Determination of functional compounds in blue shark (Prionace glauca) liver oil obtained by green technology

D.N. Santosa, F.S. Silvaa, A.B. Verdea, G.M. Bittencourta and A.L. de Oliveiraa, *

aLaboratório de Tecnologia de Alta Pressão e Produtos Naturais (LTAPPN), Department of Food Engineering, Faculty of Animal Science and Food Engineering, University of São Paulo (FZEA/ USP). Av. Duque de Caxias Norte, 225, Jardim Elite, Caixa Postal 23, CEP 13635-900, Pirassununga, SP, Brasil.

*Corresponding author:



The objectives of this research were to obtain blue shark liver oil using supercritical CO2 and to characterize the physicochemical parameters of the oil, and the contents of squalene and vitamin A. Supercritical extractions were performed at 50 and 60 °C and pressures from 100 to 300 bar. The oil yield obtained was up to 60% and presented a profile equivalent to that of refined oils for density (0.920 – 0.922 g/mL); viscosity (52.55 – 56.47 Pas.s); refractive index (1.4760 – 1.4785); acid value (1.13 – 2.22% oleic acid); peroxides (10.47 – 24.04 meq of active O2 /kg of oil); saponification value (171.37 – 556.03 mg KOH/g oil), and iodine value (120.05 – 149.21g I2 /100g oil). The fatty acid profile indicated a majority of unsaturated fatty acids. High levels of squalene and vitamin A corroborate the high nutritional quality of this oil from an underexploited by-product with great processing potential.



Determinación de compuestos funcionales en aceite de hígado de tiburón azul (Prionace glauca) obtenido mediante tecnología verde. Los objetivos de esta investigación fueron obtener aceite de hígado de tiburón azul utilizando CO2 supercrítico y determinar los parámetros fisicoquímicos del aceite, el contenido de escualeno y vitamina A. Las extracciones supercríticas se realizaron a 50 °C y 60 °C y presiones de 100 a 300 bar. Los aceites obtenidos con hasta 60% de rendimiento presentaron un perfil equivalente al de los aceites refinados para los parámetros: densidad (0,920 – 0,922 g/mL); viscosidad (52,55 – 56,47 Pas.s); índice de refracción (1.4760 - 1.4785); acidez (1.13 - 2.22% de ácido oleico); peróxidos (10,47 - 24,04 meq de O2 activo / kg de aceite); índice de saponificación (171.37 - 556.03 mg KOH/g de aceite) e índice de yodo (120,05 – 149,21g I2 / 100g de aceite). El perfil de ácidos grasos indica una mayoría de ácidos grasos insaturados. Los altos niveles de escualeno y vitamina A corroboran la alta calidad nutricional de este aceite obtenido de un subproducto subexplotado con un gran potencial de procesamiento.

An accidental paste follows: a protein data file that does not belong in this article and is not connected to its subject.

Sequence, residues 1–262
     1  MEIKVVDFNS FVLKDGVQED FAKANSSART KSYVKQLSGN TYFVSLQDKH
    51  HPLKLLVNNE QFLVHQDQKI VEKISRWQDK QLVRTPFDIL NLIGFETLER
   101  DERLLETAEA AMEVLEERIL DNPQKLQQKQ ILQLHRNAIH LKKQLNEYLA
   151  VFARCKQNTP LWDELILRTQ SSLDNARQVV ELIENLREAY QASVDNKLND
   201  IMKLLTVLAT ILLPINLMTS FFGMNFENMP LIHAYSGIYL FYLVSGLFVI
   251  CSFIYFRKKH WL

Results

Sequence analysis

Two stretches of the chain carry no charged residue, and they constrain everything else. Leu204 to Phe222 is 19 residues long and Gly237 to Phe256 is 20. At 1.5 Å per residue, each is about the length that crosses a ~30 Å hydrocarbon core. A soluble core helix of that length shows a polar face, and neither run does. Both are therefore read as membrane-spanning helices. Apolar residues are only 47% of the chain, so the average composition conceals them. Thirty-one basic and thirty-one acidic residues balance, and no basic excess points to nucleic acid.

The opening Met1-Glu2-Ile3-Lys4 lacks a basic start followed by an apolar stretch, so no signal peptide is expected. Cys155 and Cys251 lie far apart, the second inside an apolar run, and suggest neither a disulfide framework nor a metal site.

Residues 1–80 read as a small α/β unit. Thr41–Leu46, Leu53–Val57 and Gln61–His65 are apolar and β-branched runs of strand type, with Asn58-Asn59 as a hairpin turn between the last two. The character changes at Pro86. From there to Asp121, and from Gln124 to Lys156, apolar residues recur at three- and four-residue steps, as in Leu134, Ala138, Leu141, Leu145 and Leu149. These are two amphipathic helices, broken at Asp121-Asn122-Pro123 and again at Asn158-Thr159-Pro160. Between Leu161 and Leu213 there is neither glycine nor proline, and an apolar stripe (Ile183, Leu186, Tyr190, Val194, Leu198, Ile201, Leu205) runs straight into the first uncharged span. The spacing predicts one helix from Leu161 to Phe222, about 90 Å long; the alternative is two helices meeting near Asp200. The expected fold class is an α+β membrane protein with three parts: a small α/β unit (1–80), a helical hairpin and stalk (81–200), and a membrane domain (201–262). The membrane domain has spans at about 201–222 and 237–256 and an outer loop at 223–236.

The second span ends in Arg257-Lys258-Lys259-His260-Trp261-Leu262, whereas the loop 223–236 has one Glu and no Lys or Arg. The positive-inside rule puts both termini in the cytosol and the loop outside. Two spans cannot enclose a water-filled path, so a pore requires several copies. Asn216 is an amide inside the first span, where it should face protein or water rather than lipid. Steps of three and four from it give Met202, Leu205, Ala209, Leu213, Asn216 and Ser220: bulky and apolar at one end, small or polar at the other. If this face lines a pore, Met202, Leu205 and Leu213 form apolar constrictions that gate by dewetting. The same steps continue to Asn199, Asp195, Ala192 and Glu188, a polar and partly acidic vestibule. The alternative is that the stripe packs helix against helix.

Submitted: 04 April 2019; Accepted: 24 April 2019; Published online: 19 May 2020

ORCID ID: Santos DN, Silva FS, Verde AB, Bittencourt GM, Oliveira AL

KEYWORDS: Blue shark; Squalene; Supercritical extraction; Vitamin A

PALABRAS CLAVE: Escualeno; Extracción supercrítica; Tiburón azul; Vitamina A

Citation/Cómo citar este artículo: Santos DN, Silva FS, Verde AB, Bittencourt GM, Oliveira AL. 2020. Determination of functional compounds in blue shark (Prionace glauca) liver oil obtained by green technology. Grasas Aceites 71 (2), e354.

Copyright: ©2020 CSIC. This is an open-access article distributed under the terms of the Creative Commons Attribution 4.0 International (CC BY 4.0) License.